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Latin American team works and learns in New Orleans

Cathryn Clinton
March 17, 2008

After seeing the effects of tropical storm Stan in her country, Guatemala, the hurricane damage in New Orleans did not surprise Bernardo Rojas.

What did surprise Rojas and most of the other participants in the Latin America work and learn team was that in a country with so many resources, there was still so much work to do, not only in physical buildings, but also in the lives of people.

"We are all vulnerable," Jessica Deras López of Honduras said after seeing New Orleans. "It doesn't matter what we have."

Along with three other Hondurans and five Guatemalans who work with Mennonite Central Committee (MCC) partner agencies, Deras López worked for one week alongside volunteers from the United States and Canada in Mennonite Disaster Service (MDS) housing projects in New Orleans.

In the second week, the group visited the devastated areas of Pass Christian, Mississippi, visited Anabaptist churches in the New Orleans area and met with MCC workers Tim Barr and Monica Barba to hear and share ideas about their work in Gulf Coast recovery.

They also met with Pam Nath, MCC listening and discernment worker in New Orleans, who shared about the efforts of local people to bring about a more full and just recovery. In addition, they visited the New Orleans Worker's Center for Racial Justice.

Although some members of this team had worked on hurricane, work projects in Honduras and Guatemala, this visit to a disaster area in the United States was a first time for them. They had seen images of New Orleans before they came, but their expectations of what they would encounter were varied.

Pedro Hernández Soto expected to see complete devastation with people living in temporary tent cities, but Rojas expected that everything would be pretty and finished with people back on their feet.

During the first week, the teams divided into four crews and went to different houses. They repaired siding, painted, sanded, and put up dry wall. They also installed a sprinkler system and did clean up work in some of the houses.

Noé Galván saw the value of teamwork in a new way in his work with MDS. The crew members worked well together even though they didn't know each other and had to use translators to communicate.

"Teamwork [is] a way to show the Holy Spirit at work," Galván said. "It will be visible in the community."

From their own experiences with hurricane damage, members of the Latin American team were able to pass on messages of hope to the people they visited and assure people that they were not alone in their struggle.

Hernández Soto, a Honduran Mennonite pastor, was especially concerned for the children and youth in the churches. From his experiences, he had seen how hurricane trauma affects children by causing them to associate all events with the crisis. Hernández Soto shared with the pastors how his church had been able to help children return to daily events and normal routines.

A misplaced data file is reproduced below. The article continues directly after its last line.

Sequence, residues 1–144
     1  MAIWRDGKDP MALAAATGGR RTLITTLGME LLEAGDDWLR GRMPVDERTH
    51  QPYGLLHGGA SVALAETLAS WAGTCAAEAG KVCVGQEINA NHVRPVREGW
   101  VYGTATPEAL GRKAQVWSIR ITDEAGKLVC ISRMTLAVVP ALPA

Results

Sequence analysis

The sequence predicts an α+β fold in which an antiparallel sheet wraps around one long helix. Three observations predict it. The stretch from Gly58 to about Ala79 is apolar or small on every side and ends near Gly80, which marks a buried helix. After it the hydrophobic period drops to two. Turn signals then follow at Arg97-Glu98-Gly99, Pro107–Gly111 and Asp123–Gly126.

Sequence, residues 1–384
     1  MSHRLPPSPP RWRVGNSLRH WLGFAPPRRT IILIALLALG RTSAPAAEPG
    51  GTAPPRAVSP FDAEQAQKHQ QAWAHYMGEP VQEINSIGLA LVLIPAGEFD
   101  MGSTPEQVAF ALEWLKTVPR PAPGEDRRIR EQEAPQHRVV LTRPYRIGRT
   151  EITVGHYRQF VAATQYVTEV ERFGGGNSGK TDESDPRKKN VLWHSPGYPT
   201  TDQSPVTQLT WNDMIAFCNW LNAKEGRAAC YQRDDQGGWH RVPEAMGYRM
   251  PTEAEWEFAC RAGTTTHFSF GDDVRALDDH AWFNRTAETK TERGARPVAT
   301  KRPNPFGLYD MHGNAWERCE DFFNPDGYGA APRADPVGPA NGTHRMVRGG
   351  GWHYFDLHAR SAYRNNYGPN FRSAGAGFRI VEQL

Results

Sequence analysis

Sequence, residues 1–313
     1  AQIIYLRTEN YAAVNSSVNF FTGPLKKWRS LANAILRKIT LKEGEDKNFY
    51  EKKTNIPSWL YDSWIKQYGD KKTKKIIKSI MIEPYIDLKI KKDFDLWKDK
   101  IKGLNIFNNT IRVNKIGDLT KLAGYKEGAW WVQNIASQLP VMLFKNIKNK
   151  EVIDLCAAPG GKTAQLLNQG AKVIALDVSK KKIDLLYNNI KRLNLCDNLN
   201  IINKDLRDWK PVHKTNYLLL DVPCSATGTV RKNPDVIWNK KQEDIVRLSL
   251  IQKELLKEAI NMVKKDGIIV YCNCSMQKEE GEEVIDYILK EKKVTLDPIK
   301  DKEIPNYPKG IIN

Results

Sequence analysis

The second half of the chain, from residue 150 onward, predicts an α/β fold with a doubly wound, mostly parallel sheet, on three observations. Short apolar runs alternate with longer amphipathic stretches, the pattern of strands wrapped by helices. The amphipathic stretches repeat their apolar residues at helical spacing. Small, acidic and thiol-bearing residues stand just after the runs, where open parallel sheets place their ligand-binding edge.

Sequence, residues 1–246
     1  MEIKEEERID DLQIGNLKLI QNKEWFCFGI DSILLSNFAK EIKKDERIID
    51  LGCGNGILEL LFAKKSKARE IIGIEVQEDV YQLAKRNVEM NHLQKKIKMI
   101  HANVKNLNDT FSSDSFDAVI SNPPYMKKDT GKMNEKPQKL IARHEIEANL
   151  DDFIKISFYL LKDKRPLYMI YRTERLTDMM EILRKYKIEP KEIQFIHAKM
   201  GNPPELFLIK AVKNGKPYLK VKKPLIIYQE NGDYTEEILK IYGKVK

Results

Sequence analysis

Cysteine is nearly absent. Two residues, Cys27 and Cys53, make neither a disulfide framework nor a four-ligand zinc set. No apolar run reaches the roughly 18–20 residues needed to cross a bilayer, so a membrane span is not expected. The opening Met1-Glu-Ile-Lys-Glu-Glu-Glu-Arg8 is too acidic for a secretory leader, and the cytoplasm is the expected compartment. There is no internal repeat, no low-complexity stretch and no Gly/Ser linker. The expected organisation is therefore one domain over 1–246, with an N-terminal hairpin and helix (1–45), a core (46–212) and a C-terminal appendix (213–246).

In a meeting with MCC and MDS representatives, group members shared their impressions of disaster response in New Orleans and their countries.

In both the U.S. and Honduras, Deras López noted, "the people who suffer the most are the poor and also people from different racial and ethnic groups."

Deras López, a representative from Mennonite Social Action Commission in Honduras, said after a disaster the Honduran government often promises incentives for people to resettle somewhere else. People in need may follow the government's urging so they will have something rather than nothing, but often they have a strong longing to remain at home.

In the small town of Pass Christian, Miss., she noticed a similar attachment. "Maybe they have economic difficulties in buying a new home. But this is not just any house, it's their home and generations have lived there, and children have grown up there too," she said. "This makes it difficult to think about leaving."

Several group members related stories of how churches and residents in their own countries worked alongside each other to rebuild not only homes but vital communities.

In Honduras, for instance, people from several neighborhoods were relocated to a new, rocky land after Hurricane Mitch. Irma Dinorah Molina Galeas recalled how committees on issues such as health and security created space where people could relate to one another. "Because people helped create community, they felt this was home. We were not only rebuilding homes, but also creating capacity," she said. "Now after three years the community has schools and preschools that they have built with their own hands and through community leadership."

Members of the group noted the differences between the state of New Orleans' French Quarter and the Lower Ninth Ward. They pointed out that they were struck by the sight of people living in tents under a freeway and asked what MCC and MDS are doing for those who are not homeowners.

Saulo Benjamin Joromocoj Guzmán, who works in a western Guatemalan area hit hard by Tropical Storm Stan, wondered why the U.S. had not accepted some aid offered by Latin American countries such as Cuba and Venezuela. "Guatemala would always accept an offer like this. Is this about pride?" he asked.

In both Guatemala and the United States, when government doesn’t provide what people need, church institutions are stepping in, reaching out a hand to communities.

"I believe we are all people of God practicing what Jesus taught," Joromocoj Guzmán said. "We want to dignify people. We are looking to help people recover so their lives are better than when the disaster happened."